The Bush family, which has already produced two US presidents, is at odds over whether there should be a third — former Florida governor Jeb Bush.
Former first lady Barbara Bush, says son Jeb is the most qualified Republican to run in 2016 but told NBC’s Today show, “We’ve had enough Bushes.”
Former president George W Bush takes the other side in the intra-family debate.
“He would be a marvellous candidate if he chooses to do so,” he told ABC News. “He doesn’t need my counsel because he knows what it is, which is: ‘run’. But whether he does or not is a very personal decision.”
Barbara Bush, known for her blunt talk, said of her second-born son: “There are other people out there that are very qualified ... He’s the most qualified but I don’t think he’ll run.”
The conflicting messages came as the 43rd president, who held office from 2001 to 2009, unveiled his presidential library in Dallas, accompanied by all the living US presidents, including his father, George H W Bush, who occupied the White House from 1989 through 1992.
The library opening highlights George W Bush’s two stormy terms, which included the Sep 11 attacks, wars in Afghanistan and Iraq and the 2008 financial crisis.
The event also puts the Bush family back in the spotlight at a time when the Republican Party is re-assessing following losses in the 2012 presidential campaign and is struggling to redefine itself.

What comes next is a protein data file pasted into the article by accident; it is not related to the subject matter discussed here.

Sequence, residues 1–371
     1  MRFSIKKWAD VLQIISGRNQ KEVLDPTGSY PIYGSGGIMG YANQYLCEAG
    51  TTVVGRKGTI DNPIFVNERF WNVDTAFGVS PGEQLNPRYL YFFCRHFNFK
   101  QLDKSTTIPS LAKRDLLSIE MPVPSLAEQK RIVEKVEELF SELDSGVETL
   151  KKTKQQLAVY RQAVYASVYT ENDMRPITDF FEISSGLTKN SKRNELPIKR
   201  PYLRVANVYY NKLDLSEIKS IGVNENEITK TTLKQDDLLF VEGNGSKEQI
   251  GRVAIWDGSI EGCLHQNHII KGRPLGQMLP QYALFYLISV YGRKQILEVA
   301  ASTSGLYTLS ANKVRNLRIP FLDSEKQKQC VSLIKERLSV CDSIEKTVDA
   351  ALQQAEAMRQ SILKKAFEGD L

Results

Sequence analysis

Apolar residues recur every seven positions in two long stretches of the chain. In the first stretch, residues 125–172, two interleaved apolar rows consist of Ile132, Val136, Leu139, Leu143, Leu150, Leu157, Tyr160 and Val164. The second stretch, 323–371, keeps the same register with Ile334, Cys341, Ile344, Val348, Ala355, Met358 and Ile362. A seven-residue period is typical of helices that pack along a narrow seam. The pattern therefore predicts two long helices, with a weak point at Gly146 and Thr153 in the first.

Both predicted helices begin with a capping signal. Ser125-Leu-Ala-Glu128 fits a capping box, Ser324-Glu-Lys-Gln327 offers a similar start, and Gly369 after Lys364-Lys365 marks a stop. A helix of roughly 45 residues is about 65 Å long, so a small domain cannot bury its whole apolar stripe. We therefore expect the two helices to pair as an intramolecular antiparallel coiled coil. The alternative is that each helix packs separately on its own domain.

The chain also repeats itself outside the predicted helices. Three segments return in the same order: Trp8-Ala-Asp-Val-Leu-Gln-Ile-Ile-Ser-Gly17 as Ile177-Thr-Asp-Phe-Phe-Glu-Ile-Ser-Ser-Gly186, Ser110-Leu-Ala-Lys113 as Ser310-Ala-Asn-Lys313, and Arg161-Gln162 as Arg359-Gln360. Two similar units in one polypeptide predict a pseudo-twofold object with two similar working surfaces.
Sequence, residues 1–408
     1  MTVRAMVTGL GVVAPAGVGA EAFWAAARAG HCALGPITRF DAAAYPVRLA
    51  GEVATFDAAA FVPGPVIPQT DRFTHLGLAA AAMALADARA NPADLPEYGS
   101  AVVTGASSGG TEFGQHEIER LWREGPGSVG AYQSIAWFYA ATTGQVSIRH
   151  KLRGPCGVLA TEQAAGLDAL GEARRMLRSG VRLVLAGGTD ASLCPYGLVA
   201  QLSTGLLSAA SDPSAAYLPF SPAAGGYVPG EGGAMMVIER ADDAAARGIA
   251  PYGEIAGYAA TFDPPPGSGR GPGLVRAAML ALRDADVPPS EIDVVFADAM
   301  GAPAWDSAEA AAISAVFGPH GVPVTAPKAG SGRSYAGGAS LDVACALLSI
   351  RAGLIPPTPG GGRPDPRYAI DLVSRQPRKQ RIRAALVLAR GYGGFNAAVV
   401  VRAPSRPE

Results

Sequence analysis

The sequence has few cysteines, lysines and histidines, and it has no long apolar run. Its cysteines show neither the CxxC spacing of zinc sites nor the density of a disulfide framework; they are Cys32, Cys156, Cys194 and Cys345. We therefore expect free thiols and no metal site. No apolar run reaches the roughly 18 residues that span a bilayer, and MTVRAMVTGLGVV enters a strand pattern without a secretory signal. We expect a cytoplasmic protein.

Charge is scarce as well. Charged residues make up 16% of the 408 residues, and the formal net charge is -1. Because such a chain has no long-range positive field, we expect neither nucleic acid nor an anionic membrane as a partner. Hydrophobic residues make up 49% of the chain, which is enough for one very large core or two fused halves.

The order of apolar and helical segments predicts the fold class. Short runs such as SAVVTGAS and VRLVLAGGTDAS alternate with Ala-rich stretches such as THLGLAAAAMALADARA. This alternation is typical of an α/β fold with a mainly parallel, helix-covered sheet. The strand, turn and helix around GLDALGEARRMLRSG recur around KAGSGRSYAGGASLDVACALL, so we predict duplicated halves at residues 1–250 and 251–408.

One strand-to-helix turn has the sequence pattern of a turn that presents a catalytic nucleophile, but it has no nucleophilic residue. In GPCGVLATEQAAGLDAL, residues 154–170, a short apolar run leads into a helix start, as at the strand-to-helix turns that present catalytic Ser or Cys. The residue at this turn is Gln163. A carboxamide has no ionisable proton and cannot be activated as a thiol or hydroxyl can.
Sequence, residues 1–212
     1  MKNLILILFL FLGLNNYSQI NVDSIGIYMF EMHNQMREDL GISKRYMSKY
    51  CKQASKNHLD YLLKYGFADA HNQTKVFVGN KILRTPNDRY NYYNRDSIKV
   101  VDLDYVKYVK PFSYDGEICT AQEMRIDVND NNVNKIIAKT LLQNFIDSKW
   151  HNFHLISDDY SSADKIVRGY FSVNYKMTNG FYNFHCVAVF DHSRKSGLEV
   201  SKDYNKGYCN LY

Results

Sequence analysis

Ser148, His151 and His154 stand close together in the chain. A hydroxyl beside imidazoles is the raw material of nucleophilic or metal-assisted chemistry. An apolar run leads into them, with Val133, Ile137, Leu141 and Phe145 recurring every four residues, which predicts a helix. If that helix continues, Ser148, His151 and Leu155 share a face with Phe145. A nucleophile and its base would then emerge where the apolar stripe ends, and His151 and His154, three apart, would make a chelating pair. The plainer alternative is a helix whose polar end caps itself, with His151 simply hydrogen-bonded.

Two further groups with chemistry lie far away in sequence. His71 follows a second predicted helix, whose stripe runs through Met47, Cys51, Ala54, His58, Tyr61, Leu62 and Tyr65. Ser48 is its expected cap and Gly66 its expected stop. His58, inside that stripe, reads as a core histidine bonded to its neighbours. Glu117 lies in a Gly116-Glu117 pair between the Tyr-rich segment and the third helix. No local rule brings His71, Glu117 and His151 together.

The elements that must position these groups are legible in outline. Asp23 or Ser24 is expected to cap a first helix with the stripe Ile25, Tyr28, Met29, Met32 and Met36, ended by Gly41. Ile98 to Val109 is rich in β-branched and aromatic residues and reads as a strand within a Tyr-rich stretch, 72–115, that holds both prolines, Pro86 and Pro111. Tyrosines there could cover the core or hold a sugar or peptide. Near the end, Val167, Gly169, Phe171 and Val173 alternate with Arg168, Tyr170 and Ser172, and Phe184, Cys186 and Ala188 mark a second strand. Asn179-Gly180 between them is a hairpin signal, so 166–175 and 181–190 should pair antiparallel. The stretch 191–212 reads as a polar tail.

Bush and his father have represented a more traditional side of the Republican Party, which now faces challenges from its more strident Tea Party wing.
Polls have shown Jeb Bush trailing other Republicans such as Senators Marco Rubio of Florida and Rand Paul of Kentucky, both favourites of the Tea Party movement.
A Public Policy Polling survey earlier this month found 12% of potential voters said they would most like to see Jeb as the Republican candidate in 2016, while Rubio topped out with 21%, followed by Paul with 17%.
John Adams (1797-1801) and John Quincy Adams (1825-1829) are the only other father and son to serve as US presidents.
Meanwhile profound ideological differences and a bitter history of blaming each other for the nation’s woes were giving way — if just for a day — to pomp and pleasantries as the five members of the most exclusive club in the world appeared publicly together for the first time in years.
For Bush, 66, the ceremony also marked his unofficial return to the public eye four years after the end of his deeply polarising presidency.
Among the foreign leaders who attended were former British prime minister Tony Blair and former Italian prime minister Silvio Berlusconi.
With more than 70m pages of paper records, 200m emails, 4m digital photos and some 43,000 artifacts, Mr Bush’s library will feature the largest digital holdings of any of the 13 presidential libraries under the auspices of the National Archives and Records Administration, officials said.
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